The puerility of the plot and the verse fails to disguise the influences of Romanticism. Glenallen is a typical Romantic hero, arraigned in a stock melodramatic situation, pausing at the appropriate times to brood over his cruel alienation from humanity and life, more ready to die than to live. His is the childish fantasy of “after I’m dead and gone, then they’ll be sorry they hurt me,” but, after all, it is the same childishness of vision that pervades much of Byron and Shelley. The significance of The Bandit lies in Hood’s ability to use language well and to exercise a healthy imagination in verse that accommodates at least the superficial elements of Romanticism at a time before he has seriously devoted himself to writing poetry.

Keats’s Influence

Although there were Romantic tendencies in Hood’s own writing before Keats’s death, one can find in his verse a pronounced identification with the style of Keats that extends about five or six years after 1821, beginning with Hood’s introduction to the Reynolds family through his work at the London Magazine that same year. Reynolds and his sisters had enjoyed a close friendship with Keats and entertained fond memories of the young Romantic. Hood entered an atmosphere in the Reynolds household suffused with intimacies from the life and work of the relatively unknown Keats. To this period belongs most of what is often called Hood’s “serious” poetry.

The Romantic movement had peaked and already begun to decline into the commonplace sentimentality and melodrama from which Robert Browning and Alfred, Lord Tennyson were destined to rescue it momentarily. Shelley and Byron’s best works had already been published; indeed, Shelley died soon after Keats. Coleridge had graduated to philosophy, Wordsworth had defected to the establishment. Keats’s final volume—“Lamia,” “Isabella,” “The Eve of St. Agnes,” and Other Poems—had appeared in 1820 (Hood’s closet drama Lamia, based on Keats’s poem, was written in 1824 but not published until after Hood’s death). With friendly critics encouraging and applauding the growing likeness of Hood’s poetry to that of Keats, it was an easy time for Hood to begin imagining himself to be Keats’s successor.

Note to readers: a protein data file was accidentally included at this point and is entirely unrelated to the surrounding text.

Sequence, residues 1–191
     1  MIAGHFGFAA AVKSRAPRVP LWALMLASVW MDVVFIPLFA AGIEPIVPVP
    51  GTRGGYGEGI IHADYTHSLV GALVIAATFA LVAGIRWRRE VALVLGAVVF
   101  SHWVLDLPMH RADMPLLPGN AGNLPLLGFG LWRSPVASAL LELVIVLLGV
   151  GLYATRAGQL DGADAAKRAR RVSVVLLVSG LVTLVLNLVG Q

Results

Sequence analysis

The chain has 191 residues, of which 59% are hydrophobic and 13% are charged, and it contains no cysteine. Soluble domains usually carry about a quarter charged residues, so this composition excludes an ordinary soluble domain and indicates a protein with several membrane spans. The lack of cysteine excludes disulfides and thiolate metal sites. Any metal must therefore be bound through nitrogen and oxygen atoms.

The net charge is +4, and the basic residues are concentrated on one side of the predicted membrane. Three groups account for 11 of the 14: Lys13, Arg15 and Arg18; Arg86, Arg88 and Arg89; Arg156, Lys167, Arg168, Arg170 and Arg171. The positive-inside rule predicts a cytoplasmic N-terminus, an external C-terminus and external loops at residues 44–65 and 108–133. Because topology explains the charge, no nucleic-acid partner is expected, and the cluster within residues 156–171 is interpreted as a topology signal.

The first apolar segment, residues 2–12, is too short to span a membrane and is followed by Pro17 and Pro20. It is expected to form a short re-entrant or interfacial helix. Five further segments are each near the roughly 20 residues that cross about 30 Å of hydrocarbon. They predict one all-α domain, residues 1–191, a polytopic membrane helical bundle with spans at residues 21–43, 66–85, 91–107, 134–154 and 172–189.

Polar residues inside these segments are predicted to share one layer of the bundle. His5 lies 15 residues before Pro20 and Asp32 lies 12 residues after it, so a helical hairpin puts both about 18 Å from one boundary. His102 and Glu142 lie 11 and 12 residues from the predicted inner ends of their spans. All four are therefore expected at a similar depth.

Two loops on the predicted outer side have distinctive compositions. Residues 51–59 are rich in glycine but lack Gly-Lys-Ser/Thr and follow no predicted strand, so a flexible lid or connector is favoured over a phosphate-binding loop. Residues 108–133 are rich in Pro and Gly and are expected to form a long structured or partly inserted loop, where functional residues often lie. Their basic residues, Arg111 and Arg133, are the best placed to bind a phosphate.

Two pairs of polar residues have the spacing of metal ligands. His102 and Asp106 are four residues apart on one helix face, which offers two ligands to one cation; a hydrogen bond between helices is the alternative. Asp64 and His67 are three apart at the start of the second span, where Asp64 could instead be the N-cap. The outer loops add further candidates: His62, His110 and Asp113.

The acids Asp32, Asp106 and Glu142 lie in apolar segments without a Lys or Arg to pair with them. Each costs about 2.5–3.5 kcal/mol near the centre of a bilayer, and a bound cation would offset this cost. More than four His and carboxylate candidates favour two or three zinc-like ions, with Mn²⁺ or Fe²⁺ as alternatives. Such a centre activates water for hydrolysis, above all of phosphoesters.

“The Sea of Death”

Perhaps a sense of identification with Keats’s illness and death led Hood to give death such a preeminent place in his serious and even in his comic verse. Hood seems to accord death a place of passive acceptance, at times even to embrace it. For example, “The Sea of Death,” which appeared first in the London Magazine (March, 1822) and later in “The Plea of the Midsummer Fairies,” “Hero and Leander,” “Lycus the Centaur,” and Other Poems, makes the somewhat trite comparison of death to an “oceanpast” that erases the sand tracks of life “like a pursuing grave.” This idea, however, is developed into a passively beautiful scene, where “spring-faced cherubs” also are asleep in “the birth-night of their peace.” For contrast, Hood adds “neighbour brows scarr’d by the brunts/ Of strife and sorrowing”; and with the dead, Time itself “Slept, as he sleeps upon the silent face/ Of a dark dial in a sunless place.” It is a typical Romantic eschatology; death is a place of silence and repose, a dreamlike eternity. Although Hood’s view of death acquired a more theologically sound dimension during the next twenty years, his attitude of resignation to the inevitable did not change. His awareness of the closeness of death permeates all his poetry; death, dying, and corruption tinge nearly every poem with sobriety and cause his humor to wax dark. Living in continual ill health as he did, this could hardly be called a Romantic affectation.


Hood’s important poems from this period include a number of sonnets, many deserving more attention than they have received. The sonnets also reflect the influence of the Romantic poets. “Midnight,” the two-sonnet “On a Sleeping Child” (all three in the London Magazine, December, 1822), and the eulogistic “Sonnet: Written in Keats’s ’Endymion’” (the London Magazine, May, 1823) are among his very best. Another, beginning “It is not death . . . ,” reveals not only Romantic, but also direct Shakespearean influence. It was included, along with most of his other “serious” poetry, in the volume “The Plea of the Midsummer Fairies,” “Hero and Leander,” “Lycus the Centaur,” and Other Poems.

“The Plea of the Midsummer Fairies,” “Hero and Leander,” “Lycus the Centaur, and Other Poems”

Most of the poems in this book (twenty-two of thirty-seven) had been previously published, many in London Magazine. The book constitutes the evidence offered by many that Hood was a thwarted Romantic because of the pervasive influence of Keats. The title poem consists of 126 Spenserian stanzas (except that the final lines are pentameters), celebrating, “by an allegory, that immortality that Shakespeare has conferred on the Fairy mythology by his Midsummer Night’s...

(The entire section is 4402 words.)